Firms gear up for a slice of the insolvency action

Firms gear up for a slice of the insolvency action

Individual voluntary arrangements are officially hot. Treated by many in the insolvency industry as small fry and left to a few smaller firms and IVA factories to handle, bigger practices have now realised that there is money to be made from the burgeoning area

With numbers of IVAs expected to climb due to the introduction of the
‘simple’ IVA next year, and regulation for the industry still in its infancy,
firms have come up with schemes to manage the workload, and offer more services
to clients.

Despite the Insolvency Practitioners Association’s efforts to work with the
newly-formed Debt Resolution Forum to create a self–regulatory arm for the body,
Grant Thornton has got in on the act and set up a new assurance service for debt
management businesses and IVA factories.

The firm has launched what it describes as the first audit service to provide
assurance to creditors and lenders that IVA factories and debt management
companies are correctly following legislation and providing best practice
advice.

The service could be viewed as usurping the efforts of the Insolvency
Practitioners Association to set a regulatory regime for the industry.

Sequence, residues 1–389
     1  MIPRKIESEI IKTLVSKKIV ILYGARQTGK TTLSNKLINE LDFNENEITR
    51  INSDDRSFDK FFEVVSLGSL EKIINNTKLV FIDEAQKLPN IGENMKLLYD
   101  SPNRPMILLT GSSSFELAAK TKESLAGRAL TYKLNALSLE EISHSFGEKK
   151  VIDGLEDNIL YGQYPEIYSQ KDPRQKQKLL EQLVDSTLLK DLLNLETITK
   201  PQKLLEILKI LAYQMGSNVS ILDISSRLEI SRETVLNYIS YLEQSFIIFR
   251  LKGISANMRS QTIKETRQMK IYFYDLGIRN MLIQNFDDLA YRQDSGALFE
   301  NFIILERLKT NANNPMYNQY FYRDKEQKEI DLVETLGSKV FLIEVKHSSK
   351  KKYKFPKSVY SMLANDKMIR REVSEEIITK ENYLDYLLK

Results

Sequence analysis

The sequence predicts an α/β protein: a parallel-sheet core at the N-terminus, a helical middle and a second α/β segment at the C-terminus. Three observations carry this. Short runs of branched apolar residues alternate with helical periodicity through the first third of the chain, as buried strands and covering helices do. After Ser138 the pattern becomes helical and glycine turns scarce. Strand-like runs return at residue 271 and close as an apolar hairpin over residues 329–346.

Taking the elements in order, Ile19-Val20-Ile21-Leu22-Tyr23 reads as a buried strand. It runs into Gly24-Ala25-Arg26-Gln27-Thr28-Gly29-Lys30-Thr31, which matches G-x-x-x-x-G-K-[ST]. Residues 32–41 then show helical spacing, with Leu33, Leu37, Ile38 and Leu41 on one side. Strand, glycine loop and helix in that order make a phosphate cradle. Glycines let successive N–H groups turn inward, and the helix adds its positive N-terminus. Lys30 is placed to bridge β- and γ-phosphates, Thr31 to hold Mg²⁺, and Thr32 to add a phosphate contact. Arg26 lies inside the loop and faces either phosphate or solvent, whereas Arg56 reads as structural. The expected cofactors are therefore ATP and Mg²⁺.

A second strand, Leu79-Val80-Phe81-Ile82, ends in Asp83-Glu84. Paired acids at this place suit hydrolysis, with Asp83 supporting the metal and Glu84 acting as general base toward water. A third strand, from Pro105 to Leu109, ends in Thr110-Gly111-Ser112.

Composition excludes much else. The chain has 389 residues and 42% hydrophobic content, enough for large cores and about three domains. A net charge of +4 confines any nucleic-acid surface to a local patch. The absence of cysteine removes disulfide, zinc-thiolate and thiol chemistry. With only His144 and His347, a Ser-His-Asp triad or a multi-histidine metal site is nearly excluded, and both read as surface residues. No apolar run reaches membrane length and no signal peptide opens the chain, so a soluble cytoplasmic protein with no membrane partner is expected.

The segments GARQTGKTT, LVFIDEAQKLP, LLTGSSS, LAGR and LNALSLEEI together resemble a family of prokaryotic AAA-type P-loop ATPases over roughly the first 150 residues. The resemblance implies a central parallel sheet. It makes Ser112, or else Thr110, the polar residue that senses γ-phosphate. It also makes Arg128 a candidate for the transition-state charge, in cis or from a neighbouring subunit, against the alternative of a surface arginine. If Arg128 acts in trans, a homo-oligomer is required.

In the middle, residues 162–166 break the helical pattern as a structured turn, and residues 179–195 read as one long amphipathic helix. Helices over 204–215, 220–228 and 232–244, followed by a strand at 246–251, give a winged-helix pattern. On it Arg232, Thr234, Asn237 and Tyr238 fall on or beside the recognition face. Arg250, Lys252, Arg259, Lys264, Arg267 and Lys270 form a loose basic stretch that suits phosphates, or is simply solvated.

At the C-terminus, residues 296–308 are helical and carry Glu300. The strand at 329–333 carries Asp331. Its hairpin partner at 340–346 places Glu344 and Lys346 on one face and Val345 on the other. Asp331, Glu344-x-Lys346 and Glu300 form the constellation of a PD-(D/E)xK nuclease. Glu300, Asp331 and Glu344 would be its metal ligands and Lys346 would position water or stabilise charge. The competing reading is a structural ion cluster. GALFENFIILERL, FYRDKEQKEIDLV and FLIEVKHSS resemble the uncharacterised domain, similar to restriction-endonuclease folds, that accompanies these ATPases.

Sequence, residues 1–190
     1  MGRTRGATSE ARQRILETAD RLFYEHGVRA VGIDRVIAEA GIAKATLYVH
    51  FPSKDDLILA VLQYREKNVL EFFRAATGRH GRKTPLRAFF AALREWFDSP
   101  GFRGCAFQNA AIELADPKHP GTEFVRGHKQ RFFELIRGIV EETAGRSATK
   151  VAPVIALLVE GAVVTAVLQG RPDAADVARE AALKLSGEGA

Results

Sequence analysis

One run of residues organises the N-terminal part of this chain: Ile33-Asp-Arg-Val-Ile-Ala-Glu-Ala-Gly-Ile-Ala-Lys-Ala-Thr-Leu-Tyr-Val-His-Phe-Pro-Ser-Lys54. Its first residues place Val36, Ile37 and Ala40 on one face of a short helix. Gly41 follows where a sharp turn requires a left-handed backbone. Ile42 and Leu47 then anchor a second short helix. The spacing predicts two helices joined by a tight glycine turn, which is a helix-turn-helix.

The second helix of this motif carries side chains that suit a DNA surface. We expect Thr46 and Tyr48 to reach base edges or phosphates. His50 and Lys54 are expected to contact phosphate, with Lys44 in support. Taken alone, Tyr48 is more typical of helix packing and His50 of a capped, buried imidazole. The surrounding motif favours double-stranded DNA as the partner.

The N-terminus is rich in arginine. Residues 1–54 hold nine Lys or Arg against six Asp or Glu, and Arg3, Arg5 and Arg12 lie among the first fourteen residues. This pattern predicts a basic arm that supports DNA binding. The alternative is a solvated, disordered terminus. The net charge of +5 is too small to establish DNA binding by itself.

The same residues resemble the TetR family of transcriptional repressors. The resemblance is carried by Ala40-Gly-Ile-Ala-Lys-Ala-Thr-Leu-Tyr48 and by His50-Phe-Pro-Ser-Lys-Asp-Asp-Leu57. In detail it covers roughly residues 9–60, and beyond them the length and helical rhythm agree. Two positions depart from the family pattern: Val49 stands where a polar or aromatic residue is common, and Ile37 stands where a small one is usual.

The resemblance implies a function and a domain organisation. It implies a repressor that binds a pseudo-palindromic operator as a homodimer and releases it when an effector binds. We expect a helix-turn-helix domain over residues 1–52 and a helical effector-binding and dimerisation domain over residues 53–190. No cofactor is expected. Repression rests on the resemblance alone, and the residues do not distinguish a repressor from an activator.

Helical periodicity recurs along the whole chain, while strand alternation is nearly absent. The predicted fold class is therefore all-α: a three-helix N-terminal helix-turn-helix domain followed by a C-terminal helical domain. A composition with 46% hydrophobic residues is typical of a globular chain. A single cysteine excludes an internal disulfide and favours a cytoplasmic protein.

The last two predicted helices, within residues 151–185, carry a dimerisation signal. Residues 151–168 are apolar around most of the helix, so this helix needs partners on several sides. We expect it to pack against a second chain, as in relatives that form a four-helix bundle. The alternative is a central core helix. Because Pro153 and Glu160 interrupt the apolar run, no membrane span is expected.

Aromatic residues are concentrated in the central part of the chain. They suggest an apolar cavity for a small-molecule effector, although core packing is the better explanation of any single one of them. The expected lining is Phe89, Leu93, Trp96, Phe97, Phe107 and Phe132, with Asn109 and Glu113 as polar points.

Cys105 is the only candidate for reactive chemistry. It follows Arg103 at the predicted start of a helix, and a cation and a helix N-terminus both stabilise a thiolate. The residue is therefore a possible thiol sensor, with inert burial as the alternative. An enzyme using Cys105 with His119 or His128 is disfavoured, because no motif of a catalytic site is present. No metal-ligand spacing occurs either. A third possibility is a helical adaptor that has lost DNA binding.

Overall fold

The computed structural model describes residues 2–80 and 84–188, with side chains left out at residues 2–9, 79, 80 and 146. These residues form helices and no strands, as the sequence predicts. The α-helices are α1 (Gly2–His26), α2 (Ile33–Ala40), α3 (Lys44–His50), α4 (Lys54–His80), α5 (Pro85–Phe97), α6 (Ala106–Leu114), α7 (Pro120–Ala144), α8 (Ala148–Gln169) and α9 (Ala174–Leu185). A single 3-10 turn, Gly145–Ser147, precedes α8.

The firm’s announcement follows the news that one of the biggest debt
management businesses, Debt Free Direct, refused to join the forum until it was
clear it would set a high enough regulatory standard. DFD’s finance director
Paul Latham cited his company’s own efforts to provide assurance to both
creditors and debtors by opting for an independent audit of its work by an
unnamed accounting firm.

And debt manager TDX has set up an exchange to streamline dealings between
individuals, their advisers and creditors, which includes HSBC as a major backer
of the scheme.

IPA chief executive Nick Sabin has attempted to ally fears of breakaway
groups or competing standard setters among the industry.

The forum’s regulatory standards will be set by February 2007, and Debt Free
Direct will join the forum soon after that, Sabin believes.

With the banks looking to open greater dialogue with the debt industry, Sabin
recommends the forum takes up the offer of working closer together to provide
the best results for both debtors and creditors, and has repeatedly backed
proposals that look to create best practice in the insolvency process.

It seems the next year could see as much change for the industry as it has
undergone in the last 12 months.

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